Check back periodically for new posts!

Arguing on the Internet: Why All Nuance is Lost

May 7, 2019




Over the past week, I’ve written a lot about one of the most controversial issues in Sport. I’m not here to discuss that issue, but instead something that I’ve noticed as a result of being in the middle of the conversation: We are losing the ability to understand nuance.
When it comes to just about any argument you could have, we’ve lost the art of discourse and instead fall for what I’d call an exchange of soundbites. Partial explanations that sound good at the surface level, but fall apart upon deeper inspection. We use these quick hits as jabs against our opponent. Determined to knock them down with the next piece of information we heard some pundit say or some expert tweet. We’ve succumbed to the internet's version of arguing.
Step back and think about issues you’ve had arguments over. It might be about taxes, politics, or who should go into the hall of fame. Doesn’t really matter what the subject is. But you’ve likely thrown out some argument for your side without fully realizing the implications of it. I know I certainly have. Something that I heard on a podcast that seemed to make intuitive sense and now can be used as ammo to back up my belief. Even if I don’t have a deeper level of understanding below that quick fact.
There’s nothing inherently wrong with knowing small snippets of facts to utilize in such scenarios. The problem comes when we fool ourselves into thinking that we understand the full issue when all we have are a bunch of jumbled snippets. As humans, we are very adept at fooling ourselves into thinking we know more than we do.
And that’s often why modern disagreements break down without anyone changing their viewpoints. We trade soundbite jabs that make us feel good about our positions, and never take the time to dive deep and truly understand what we are defending or arguing against. The need to feel like we “won” supersedes the ultimate goal, which is finding the ‘right’ answer.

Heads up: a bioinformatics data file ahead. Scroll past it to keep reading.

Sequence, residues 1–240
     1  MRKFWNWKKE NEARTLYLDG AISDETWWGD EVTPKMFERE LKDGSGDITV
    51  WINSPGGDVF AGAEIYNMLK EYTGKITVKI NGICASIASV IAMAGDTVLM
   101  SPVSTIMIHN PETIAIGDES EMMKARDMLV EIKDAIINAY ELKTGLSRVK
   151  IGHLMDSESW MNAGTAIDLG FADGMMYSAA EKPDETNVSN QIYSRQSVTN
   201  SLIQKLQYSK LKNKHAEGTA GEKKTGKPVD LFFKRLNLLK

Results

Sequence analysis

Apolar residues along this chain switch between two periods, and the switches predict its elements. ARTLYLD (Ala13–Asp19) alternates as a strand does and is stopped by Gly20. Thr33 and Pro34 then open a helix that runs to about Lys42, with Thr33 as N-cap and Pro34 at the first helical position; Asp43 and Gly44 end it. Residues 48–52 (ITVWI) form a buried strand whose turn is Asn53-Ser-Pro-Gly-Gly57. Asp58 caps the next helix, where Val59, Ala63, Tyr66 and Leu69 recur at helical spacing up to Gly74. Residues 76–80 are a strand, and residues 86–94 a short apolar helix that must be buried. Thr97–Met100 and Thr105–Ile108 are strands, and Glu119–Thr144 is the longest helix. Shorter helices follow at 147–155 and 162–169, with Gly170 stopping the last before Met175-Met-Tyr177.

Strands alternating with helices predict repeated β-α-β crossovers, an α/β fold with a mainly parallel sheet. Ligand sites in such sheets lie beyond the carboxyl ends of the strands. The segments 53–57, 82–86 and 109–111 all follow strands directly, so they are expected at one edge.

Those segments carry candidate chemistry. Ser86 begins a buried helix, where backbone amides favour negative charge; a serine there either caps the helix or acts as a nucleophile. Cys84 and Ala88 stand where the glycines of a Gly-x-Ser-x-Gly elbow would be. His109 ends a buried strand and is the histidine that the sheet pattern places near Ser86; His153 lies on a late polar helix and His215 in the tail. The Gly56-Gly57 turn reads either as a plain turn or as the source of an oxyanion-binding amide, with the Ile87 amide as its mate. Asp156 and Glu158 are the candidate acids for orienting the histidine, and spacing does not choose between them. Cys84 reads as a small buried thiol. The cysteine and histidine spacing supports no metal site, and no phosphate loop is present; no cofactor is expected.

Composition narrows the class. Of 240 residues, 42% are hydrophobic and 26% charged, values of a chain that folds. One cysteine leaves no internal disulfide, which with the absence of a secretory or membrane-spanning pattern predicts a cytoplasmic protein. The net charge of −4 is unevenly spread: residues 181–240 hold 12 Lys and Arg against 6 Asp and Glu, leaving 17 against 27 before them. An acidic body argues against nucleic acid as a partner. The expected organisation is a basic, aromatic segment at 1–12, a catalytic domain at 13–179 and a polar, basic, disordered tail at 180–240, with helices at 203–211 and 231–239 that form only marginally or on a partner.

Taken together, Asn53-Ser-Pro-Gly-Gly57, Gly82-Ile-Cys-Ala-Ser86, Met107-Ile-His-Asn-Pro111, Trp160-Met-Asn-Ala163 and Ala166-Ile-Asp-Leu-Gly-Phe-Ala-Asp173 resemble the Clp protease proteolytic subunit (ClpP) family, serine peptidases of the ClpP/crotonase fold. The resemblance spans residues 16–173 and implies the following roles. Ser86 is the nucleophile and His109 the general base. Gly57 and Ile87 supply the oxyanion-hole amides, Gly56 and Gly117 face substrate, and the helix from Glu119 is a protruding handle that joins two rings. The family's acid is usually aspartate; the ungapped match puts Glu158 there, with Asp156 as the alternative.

It’s not to say that someone needs a full deep understanding of a topic to have or voice their opinion. That would be ludicrous. But what is important to understand is where the limit of your knowledge lies and that there is almost always more complexity to an issue. Maybe this is a pie in the sky dream, but bringing back nuance to topics, instead of trading jabs, might help us make our way towards solutions that actually work. Instead of worrying about who ‘wins’ and feels good from their internet sparring match.




If you like this newsletter and want to learn more and support our work, please share it with your friends and check out our book, The Passion Paradox: A Guide to Going All In, Finding Success, and Discovering the Benefits of an Unbalanced Life. You can get a copy from AmazonBarnes and Noble, or your neighborhood bookstore.


If you want these newsletters delivered to your mailbox every week, along with the five most interesting links we come across, subscribe here!

Share on Facebook
Share on Twitter
Please reload

Buy the Book!

the passion paradox flat_edited.jpg

Most Popular Articles

Join 10,000 others and subscribe to the Peak Performance newsletter!

Buy the Book!

the passion paradox flat_edited.jpg
  • Black Facebook Icon
  • Black Twitter Icon
  • Black Instagram Icon